The tasting room is spacious—10,000 feet—with a menu of snacks to accompany your wine. Inside features large windows so you can still enjoy the views. There are also two patios for sprawling out in the right weather.
In terms of tasting, you can choose whites, reds and roses, or the whole shebang. The 2016 Estate Muscat Ottonel, which is generally used in dry white wines in Austria and Hungry and is a grape I haven’t seen in Virginia before, was a standout on my visit. I also enjoyed the white Heritage blend and the red Celebration blend. On my recent visit, my friend and I chose a baguette from New York, some salami, and mozzarella topped with Greek herbs in olive oil to accompany our wine.
Dining Near RdV Vineyards
Field & Main in Marshall, Virginia, is an 11-minute drive and dinner is served Thursday through Monday from 5:30 to 9 p.m. The 10-foot-wide open hearth is where delicious meats like whole rockfish with soy and olive oil or Black Angus ribeye with brown butter black garlic sauce are carefully roasted to perfection. Make a reservation to ensure you get a table.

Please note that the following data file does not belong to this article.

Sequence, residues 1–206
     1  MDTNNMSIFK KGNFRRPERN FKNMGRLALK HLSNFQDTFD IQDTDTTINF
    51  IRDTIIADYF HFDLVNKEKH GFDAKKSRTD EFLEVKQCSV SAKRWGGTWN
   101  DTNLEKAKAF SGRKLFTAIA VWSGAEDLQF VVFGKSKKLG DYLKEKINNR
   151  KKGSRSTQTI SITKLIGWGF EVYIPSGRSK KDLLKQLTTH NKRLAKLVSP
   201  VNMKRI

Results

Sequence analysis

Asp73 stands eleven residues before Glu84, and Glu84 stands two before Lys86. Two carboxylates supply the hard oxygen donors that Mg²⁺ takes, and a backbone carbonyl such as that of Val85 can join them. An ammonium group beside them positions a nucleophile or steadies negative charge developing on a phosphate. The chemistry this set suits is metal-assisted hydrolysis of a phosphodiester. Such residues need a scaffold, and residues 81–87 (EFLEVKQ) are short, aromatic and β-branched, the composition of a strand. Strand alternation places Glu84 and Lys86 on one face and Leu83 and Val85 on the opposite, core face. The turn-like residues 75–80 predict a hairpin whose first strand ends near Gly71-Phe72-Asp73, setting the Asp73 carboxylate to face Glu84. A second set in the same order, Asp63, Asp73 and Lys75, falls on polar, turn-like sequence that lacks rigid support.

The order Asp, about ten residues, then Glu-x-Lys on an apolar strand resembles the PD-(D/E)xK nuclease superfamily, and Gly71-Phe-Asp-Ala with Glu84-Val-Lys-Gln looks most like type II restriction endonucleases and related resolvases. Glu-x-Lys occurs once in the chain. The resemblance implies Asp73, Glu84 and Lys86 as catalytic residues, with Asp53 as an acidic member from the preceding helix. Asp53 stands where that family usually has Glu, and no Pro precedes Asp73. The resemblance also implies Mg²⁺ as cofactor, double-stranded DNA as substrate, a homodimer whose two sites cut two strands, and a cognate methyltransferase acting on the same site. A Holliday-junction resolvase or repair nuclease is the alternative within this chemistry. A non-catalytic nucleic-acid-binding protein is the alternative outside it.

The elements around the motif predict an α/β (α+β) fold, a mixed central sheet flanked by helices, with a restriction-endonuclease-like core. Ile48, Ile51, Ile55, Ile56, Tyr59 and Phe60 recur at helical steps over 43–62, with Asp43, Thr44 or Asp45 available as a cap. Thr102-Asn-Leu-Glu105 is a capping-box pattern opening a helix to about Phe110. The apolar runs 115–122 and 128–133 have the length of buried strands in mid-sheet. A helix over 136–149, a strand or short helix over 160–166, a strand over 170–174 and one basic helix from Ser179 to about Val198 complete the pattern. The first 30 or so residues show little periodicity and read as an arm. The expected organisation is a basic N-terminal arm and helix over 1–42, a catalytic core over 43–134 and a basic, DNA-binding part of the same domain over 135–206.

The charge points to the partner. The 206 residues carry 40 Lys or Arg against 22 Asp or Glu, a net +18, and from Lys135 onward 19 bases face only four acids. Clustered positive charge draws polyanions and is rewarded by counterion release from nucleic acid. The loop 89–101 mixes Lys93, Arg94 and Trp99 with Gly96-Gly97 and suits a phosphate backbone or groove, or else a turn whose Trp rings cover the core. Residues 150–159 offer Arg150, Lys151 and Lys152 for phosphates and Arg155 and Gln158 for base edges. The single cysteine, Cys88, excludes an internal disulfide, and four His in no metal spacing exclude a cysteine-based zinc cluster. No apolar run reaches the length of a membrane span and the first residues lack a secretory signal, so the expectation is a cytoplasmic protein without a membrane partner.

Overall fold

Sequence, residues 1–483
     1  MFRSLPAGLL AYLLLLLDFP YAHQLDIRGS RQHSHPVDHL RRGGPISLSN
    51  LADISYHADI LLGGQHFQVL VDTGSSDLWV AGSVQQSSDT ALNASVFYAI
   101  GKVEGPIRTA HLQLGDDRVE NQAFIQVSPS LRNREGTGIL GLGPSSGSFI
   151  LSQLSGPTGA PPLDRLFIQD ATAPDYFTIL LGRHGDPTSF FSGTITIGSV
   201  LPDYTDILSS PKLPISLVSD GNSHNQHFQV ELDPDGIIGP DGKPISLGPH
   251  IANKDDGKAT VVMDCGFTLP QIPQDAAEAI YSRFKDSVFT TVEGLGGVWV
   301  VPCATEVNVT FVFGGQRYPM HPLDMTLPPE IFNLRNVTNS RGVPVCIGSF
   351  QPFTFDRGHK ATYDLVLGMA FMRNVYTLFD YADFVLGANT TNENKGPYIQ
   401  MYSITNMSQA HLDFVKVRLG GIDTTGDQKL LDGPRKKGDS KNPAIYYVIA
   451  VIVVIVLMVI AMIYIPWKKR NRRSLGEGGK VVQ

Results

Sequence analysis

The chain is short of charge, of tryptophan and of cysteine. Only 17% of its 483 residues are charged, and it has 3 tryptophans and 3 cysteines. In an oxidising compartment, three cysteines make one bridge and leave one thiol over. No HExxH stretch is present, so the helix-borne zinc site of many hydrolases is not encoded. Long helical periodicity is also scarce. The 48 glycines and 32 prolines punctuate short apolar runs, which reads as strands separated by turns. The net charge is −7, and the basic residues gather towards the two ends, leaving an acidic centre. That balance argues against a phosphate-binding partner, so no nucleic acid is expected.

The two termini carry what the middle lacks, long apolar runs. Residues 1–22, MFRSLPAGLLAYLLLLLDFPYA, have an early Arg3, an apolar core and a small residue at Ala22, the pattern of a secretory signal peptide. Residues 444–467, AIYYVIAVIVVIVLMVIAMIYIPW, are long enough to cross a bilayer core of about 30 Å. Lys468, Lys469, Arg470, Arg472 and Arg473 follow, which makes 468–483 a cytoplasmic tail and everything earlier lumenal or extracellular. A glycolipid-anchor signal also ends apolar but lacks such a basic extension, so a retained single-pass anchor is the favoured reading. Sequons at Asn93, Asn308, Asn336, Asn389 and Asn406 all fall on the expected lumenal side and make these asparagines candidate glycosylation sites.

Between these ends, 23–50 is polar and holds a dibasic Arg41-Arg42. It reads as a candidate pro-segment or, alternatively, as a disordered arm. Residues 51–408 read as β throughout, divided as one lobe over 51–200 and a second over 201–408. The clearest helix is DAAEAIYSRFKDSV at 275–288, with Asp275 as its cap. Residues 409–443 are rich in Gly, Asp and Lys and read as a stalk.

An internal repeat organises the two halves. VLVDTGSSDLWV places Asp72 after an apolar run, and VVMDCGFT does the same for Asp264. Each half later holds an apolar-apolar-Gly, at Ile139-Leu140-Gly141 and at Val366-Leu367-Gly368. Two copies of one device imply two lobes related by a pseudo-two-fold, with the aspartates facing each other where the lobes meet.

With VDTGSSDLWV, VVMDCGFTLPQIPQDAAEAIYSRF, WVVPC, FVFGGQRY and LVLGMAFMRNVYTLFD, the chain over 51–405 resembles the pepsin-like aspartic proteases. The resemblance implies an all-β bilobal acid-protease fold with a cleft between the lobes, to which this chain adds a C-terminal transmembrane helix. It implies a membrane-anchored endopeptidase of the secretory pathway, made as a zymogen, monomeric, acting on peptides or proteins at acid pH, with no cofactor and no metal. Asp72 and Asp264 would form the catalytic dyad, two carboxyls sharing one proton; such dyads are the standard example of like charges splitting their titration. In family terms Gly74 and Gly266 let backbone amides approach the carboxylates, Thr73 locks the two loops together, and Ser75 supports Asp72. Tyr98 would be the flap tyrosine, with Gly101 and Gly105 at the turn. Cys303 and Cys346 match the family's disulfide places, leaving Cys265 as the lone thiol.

If you’re looking for lunch near RdV, also head to Marshall, but hit up The Whole Ox. This butcher shop also serves dine-in and takeout food like steak frites, a buttermilk-brined fried chicken sandwich, a brioche burger, and beef-tallow-fried frites. Yes please!
Where to Stay Near RdV Vineyards
If you’re going for the luxury wine tasting, why not choose a luxury stay as well? The Salamander Resort & Spa is a 25-minute drive and provides lavish accommodations in the heart of horse country. Sign up for the email newsletter so you’ll know about special rates and ways to make the stay more affordable. Although, it is worth every indulgent penny.